Ad-hoc policies have delivered a deadly blow: Harsha
rose by 4.4 percent during the 12 months to June, up from 4.0 percent in May, as the prices of many vegetable varieties soared amid the fuel price hike’s pass through effects.
On a month-on-month (MOM) basis, the inflation grew by 2.0 percent in June.
Perhaps in an attempt to curb any more increases in consumer prices, the government last week reduced the price of the 12.5 kg domestic gas cylinder by Rs.138.
The ad-hoc policies not backed by scientific evidence but by impulses and emotions have delivered a deadly blow to the Ceylon Tea industry, a prominent State Minister said.
Delivering the keynote address at 124th AGM of CTTA, the State Minister of National Policies and Economic Affairs, Dr. Harsha de Silva said: “The sudden appearance of the beetle lava in a container led to the immediate suspension of our tea exports to Russia. But of course we know that there wasn’t really a beetle, but another ad-hoc decision to ban imports of Russian asbestos.”
The State Minister noted that despite his requests pointing out to potential negative consequences of the ban, President Maithripala Sirisena decided to listen to his advisors.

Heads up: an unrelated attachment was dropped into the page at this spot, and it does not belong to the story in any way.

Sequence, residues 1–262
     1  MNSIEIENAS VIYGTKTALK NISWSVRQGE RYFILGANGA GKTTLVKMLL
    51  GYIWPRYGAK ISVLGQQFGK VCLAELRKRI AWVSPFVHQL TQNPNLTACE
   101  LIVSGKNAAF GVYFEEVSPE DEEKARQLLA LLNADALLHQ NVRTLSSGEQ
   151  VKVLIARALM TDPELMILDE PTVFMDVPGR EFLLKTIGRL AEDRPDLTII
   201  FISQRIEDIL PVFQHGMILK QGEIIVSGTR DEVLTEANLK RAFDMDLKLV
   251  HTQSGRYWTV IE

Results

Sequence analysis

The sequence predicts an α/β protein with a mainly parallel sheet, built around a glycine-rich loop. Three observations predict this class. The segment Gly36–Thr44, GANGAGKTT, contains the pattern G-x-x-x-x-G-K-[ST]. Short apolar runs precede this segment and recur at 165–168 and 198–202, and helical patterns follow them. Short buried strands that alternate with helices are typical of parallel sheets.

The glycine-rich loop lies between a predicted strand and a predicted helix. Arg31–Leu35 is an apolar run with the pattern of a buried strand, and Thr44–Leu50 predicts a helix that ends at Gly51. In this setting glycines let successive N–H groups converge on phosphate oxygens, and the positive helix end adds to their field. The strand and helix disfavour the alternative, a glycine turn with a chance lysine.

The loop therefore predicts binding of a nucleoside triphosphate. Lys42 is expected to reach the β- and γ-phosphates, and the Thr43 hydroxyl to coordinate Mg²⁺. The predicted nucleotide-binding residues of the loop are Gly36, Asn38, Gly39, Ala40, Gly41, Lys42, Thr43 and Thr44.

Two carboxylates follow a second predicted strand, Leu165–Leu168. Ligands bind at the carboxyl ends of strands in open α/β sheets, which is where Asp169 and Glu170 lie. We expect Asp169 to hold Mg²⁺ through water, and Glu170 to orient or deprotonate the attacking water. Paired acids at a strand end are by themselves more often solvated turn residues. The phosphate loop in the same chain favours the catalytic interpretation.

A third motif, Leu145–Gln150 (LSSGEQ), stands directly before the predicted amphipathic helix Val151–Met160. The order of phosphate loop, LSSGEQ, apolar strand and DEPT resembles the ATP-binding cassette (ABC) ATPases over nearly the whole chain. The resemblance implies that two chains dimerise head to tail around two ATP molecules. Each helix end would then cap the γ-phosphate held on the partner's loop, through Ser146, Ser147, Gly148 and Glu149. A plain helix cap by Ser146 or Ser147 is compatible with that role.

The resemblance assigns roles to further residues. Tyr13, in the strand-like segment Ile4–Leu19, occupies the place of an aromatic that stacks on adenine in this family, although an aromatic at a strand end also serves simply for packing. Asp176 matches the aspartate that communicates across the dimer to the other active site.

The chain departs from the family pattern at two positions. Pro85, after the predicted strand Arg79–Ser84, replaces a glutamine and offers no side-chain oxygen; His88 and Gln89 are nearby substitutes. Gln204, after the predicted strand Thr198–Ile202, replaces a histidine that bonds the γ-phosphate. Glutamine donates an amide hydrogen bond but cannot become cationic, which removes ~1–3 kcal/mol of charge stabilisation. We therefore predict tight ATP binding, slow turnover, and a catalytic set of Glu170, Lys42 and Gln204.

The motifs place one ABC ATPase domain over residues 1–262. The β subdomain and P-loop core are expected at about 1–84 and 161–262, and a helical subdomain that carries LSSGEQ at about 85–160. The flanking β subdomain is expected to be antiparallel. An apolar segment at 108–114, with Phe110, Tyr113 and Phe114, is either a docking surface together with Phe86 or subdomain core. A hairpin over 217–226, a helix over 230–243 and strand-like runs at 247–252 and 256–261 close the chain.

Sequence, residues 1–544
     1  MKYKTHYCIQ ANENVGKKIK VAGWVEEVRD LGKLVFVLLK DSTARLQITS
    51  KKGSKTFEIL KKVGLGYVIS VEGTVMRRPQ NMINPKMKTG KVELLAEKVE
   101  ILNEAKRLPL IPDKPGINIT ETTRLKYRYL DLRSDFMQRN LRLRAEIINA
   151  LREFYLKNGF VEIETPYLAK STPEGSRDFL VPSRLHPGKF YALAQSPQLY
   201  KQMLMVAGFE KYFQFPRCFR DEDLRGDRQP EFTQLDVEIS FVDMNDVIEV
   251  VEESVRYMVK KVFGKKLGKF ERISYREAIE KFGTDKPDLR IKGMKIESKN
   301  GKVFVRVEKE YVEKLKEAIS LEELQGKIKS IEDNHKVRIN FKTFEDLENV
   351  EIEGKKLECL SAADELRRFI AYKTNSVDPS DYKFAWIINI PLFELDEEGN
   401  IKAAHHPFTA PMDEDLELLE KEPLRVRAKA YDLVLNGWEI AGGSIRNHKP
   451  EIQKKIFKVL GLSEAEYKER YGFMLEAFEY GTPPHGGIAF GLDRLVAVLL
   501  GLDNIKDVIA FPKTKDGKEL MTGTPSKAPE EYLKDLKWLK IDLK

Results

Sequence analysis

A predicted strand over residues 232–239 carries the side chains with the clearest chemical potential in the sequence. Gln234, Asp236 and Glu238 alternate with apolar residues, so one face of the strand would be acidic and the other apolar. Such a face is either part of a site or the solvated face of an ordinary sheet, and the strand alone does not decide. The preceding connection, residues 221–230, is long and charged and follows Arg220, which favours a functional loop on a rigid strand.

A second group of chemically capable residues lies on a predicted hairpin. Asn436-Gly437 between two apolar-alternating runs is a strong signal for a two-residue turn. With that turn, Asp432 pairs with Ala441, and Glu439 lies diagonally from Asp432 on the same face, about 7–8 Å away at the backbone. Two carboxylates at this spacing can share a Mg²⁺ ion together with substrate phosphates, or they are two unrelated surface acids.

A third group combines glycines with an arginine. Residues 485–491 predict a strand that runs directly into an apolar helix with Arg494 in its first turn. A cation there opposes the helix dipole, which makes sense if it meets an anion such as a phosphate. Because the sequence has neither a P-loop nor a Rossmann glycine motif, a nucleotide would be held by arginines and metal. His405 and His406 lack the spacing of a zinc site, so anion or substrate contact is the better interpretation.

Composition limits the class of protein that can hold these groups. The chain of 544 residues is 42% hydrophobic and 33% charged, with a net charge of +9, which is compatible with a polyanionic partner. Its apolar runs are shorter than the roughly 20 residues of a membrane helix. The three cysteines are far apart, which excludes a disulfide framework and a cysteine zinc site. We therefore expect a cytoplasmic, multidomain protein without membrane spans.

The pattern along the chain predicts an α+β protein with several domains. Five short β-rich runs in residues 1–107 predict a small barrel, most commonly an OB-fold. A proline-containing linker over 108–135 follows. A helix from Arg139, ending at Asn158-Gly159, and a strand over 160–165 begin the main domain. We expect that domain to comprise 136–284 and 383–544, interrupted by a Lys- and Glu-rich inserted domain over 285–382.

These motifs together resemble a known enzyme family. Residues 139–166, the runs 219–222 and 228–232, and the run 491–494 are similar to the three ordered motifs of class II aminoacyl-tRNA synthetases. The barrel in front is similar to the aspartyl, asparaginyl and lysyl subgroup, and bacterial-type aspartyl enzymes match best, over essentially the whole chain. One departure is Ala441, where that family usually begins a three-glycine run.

“In fact, I did speak to the President and said we must not make such ad-hoc decisions. But of course other peoples’ advice was what he listened to,” he lamented.
He pointed out that clearest failure in inconsistence and nonscientific, ad-hoc policymaking is exemplified by the glyphosate ban for its complicated fallout.
“We must try to reduce these uncertainties by making decisions based on scientific evidence, research and careful weighing of options. Once a good decision is made, barring new evidence, we must stick to those policies,” he asserted.
Further responding to Anslem Perera’s criticism on the government and regulatory framework, de Silva affirmed that the industry stakeholders must reach consensus on how to take Sri Lankan tea forward, as there are two varying proposals from exporters and planters.
Planters have been insisting that diversification should take place under the Ceylon Tea umbrella, while the exporters have been arguing that diversification should take place via integration into global supply chains.
However, de Silva pointed out that it’s possible to integrate into global supply chains while protecting the Ceylon Tea brand and Sri Lanka’s tea industry.
He also stressed that the production cost could be cut down by automation and integrating operations into IT platforms with investments into R&D.
Source - https://www.pressreader.com/sri-lanka/daily-mirror-sri-lanka/20180702/282501479376180